Not too long ago Kale, or Borecole, was considered only fit for feeding to cattle but recently its popularity has grown so that it has now reached the dizzy heights of being classed as a superfood.

High in vitamins A, B and C plus iron, copper, manganese and calcium, Kale is also equal to Broccoli in terms of antioxidants.

On top of being such a healthy food, available at a time when the veg patch is looking bare, Kale is also very tough and easy to grow. Kale likes a fertile soil and doesn’t mind if it is acid or alkaline as long as it is well-drained. Plant in rows about 23cm apart with spacing of 45cm between plants and water well.

Tolerant of club-root and cabbage root fly Kale will succeed where other brassicas fail. It’s also very hardy and will cope well with frosts. In fact, as with some other brassicas, frost will actually improve the flavour by reducing the bitterness and increasing the sweetness.

So, where’s the catch? There really isn’t one. Even if you don’t have a designated veg patch most Kale plants are attractive enough to be grown amongst your flowers and some dwarf varieties can be grown in containers.

Once harvested kale can be eaten in many ways. Young leaves can be enjoyed raw in salads and treated as a cut-and-come again crop whereas older leaves are perfect for soups, stews and stir-fries. Chop the leaves up small and stir them through creamy mashed potato or better still turn Kale leaves into chips by tossing them in seasoned oil and then baking them in the oven!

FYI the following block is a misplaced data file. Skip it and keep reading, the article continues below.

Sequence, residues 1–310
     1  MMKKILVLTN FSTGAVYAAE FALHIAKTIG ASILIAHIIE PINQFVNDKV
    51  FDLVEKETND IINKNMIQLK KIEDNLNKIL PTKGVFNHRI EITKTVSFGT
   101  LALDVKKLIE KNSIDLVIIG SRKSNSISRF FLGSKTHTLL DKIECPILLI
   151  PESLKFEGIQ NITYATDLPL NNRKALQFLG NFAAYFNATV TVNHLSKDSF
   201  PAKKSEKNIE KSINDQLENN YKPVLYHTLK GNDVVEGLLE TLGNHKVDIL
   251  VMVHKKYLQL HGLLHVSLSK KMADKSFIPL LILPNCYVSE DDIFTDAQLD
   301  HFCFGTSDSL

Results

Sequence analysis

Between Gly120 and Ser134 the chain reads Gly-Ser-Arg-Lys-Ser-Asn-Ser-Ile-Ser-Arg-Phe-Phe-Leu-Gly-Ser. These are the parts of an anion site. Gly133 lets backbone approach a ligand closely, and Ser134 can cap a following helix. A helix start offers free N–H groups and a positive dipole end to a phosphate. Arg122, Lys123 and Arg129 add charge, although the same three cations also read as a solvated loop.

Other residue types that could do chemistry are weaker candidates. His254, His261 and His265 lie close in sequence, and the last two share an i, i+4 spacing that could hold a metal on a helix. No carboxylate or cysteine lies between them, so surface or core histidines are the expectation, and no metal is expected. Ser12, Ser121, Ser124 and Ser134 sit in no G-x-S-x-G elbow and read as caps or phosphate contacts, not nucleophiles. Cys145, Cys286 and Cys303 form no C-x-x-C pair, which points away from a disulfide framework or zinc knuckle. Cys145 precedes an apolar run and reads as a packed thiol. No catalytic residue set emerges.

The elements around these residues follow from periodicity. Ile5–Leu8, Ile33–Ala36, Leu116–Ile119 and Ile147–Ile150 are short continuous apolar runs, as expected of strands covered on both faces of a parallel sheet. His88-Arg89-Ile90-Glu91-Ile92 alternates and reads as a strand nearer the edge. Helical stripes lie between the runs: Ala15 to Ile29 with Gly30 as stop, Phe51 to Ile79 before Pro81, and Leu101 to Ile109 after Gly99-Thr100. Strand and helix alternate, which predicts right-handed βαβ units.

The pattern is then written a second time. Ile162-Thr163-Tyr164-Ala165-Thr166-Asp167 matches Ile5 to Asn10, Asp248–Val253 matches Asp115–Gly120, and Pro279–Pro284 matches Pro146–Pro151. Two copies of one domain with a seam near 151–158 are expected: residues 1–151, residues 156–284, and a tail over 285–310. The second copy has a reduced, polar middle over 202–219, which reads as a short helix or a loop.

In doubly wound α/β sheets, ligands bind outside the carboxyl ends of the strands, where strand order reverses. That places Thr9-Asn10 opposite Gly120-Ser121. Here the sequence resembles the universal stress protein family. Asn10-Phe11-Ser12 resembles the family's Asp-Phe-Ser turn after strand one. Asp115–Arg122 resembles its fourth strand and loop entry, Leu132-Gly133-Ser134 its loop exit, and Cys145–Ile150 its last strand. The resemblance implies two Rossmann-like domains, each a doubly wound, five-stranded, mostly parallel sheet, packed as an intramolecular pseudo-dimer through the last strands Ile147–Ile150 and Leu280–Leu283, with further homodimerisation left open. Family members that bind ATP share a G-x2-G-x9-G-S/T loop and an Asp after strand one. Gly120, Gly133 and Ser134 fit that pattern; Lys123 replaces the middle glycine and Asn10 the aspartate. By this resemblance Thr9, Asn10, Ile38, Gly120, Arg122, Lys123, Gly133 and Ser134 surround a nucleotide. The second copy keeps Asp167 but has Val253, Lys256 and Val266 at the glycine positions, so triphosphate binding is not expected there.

Kale harvest

If you’re now tempted to invest in some Kale plants then how about the Dobies Kale Mixed Collection? This collection will provide nutritious tasty meals from late autumn through winter and includes 7 plants of each of the following varieties:

Nero de Toscana has attractive, strap-like, dark green leaves. So dark it is sometimes referred to as the Black Tuscan. Pick the delicious leaves from the outside in the prevent damaging the growing plant and if it bolts you’ll find the flower shoots are pretty tasty too!

Red Russian originated in Siberia and has red veining running through attractive frilly blue/green leaves. This red veining deepens as the weather gets colder. More tender and sweet than some other varieties Red Russian is perfect for eating as a young salad leaf.

Green Curled Afro is a compact variety with tightly curled dark green leaves and small enough to grow in containers. Possibly the sweetest and least bitter of all the kale varieties.

Available to order now the Kale Mixed Collection plants will be delivered to your door in late September/October.

Kale Nero di Toscana

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